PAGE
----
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Autism and Music Therapy

“If I say everything I see, I might ruin someone’s day!”

Ava Driskell is singing to herself, repeating a musical reminder meant to help the 10 year-old with autism better filter what thoughts she says out loud. 

“She usually says everything that comes to her mind. Her speech is very factual,” says mom Mary Driskell. “Now, I’ll hear her stop and start singing the song, and I know it’s helping her decide what she says to others.”

This tactic is one of several the family credits to music therapy, an avenue they explored when, at age 3, Ava had lost all of her speech but could still communicate by singing. “We wanted to focus on her strengths. We knew she had deficits everywhere, so we looked for something she was good at,” Mary remembers. “We’re so thankful we found music therapy because it covers such a wide range of areas. It really is amazing.”

What is music therapy?

Music therapy is the clinical and evidence-based use of musical interventions to target an individual’s functional needs – including physical, psychological, cognitive and social skills.

“Music therapy focuses on needs for everyday life, like improving speech by singing songs or boosting independent finger movement through playing the piano,” says Lindsey Wright, a board-certified music therapist and president of the Association for Indiana Music Therapy. “When we listen to music or sing, we’re using a different part of our brain than we typically use for these skills, so we’re building new neural pathways and targeting trouble spots.”

Music therapy and autism 

Wright, who is the director of music therapy at Opportunities for Positive Growth Inc. which offers facility-based music therapy in Fishers, Lafayette and Kokomo, says the unique, engaging aspect of music therapy particularly resonates with children on the autism spectrum.

“For those who are attracted to patterns and predictability, music can be very calming,” she says. “Even if you don’t know a song at all, you know where things are going, unlike other activities you do during therapy.”

Music can also help keep children’s attention on their therapy longer, especially if the work involves a favorite song or instrument. “Music can be the backdoor approach to therapy because it’s fun,” says Sarah Ardoin, a board-certified music therapist and music therapy director for Meaningful Day Services, offering home-based music therapy across the state.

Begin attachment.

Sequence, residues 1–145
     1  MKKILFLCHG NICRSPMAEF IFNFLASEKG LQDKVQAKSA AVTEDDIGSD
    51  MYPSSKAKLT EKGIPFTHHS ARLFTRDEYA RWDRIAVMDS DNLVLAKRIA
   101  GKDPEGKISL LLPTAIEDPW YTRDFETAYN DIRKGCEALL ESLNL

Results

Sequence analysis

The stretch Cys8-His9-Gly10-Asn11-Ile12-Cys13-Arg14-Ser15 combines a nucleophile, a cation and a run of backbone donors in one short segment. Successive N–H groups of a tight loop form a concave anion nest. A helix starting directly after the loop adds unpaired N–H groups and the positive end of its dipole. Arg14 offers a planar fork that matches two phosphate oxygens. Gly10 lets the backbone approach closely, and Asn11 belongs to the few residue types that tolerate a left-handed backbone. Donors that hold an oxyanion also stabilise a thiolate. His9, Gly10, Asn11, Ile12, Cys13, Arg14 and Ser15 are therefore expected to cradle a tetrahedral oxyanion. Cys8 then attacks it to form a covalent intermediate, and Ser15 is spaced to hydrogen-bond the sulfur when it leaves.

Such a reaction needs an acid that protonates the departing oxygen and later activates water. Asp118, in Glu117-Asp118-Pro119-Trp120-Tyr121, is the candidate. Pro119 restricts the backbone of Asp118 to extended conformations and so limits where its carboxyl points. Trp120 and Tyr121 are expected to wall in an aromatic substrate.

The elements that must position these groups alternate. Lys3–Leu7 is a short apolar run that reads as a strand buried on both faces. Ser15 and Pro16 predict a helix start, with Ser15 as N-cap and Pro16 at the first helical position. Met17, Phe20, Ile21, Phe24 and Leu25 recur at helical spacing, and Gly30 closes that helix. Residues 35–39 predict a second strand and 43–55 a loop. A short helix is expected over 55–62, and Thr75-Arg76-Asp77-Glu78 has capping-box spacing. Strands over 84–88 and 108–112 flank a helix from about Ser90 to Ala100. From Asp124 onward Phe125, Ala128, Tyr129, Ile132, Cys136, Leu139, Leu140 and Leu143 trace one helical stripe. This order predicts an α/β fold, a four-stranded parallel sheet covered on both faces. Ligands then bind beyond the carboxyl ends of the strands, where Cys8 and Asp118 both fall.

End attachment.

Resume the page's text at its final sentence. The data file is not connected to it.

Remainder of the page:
One of her therapists recalls working with a five year-old boy with autism who wasn’t able to stay focused for more than a minute. By the end of his time in music therapy, he could stay in the room for a full hour, make choices and sing along. “Music brought him into it,” Ardoin says. “We’ll often have parents observe sessions and say after, ‘I’ve never seen him do that!’ Music is just a great outlet for expression.”

Finding a music therapist 

Music therapy is growing in popularity in Indiana, with close to 200 people passing boards to become certified here in the last five years, according to the National Music Therapy Registry.

Music therapy is covered under IDEA (the Individuals with Disabilities Education Act) and Hoosier families have the distinct advantage of having music therapy covered by two Medicaid Home and Community-Based Services waivers – the Family Supports Waiver and the Community Integration and Habilitation Waiver. 

“More and more people are finding music therapy when they learn how it targets specific areas and works on multiple domains, when other therapy can only work on one at a time,” Wright says. “For families of children with autism, I think they’ll see a lot of progress with music therapy. We just want to get the word out there.”

 

For a list of certified music therapists in Indiana, visit The Association for Indiana Music Therapy at www.indianamusictherapists.com  and click on Find a Music Therapist under the About Us tab. For a national registry, visit the American Music Therapy Association at www.musictherapy.org.

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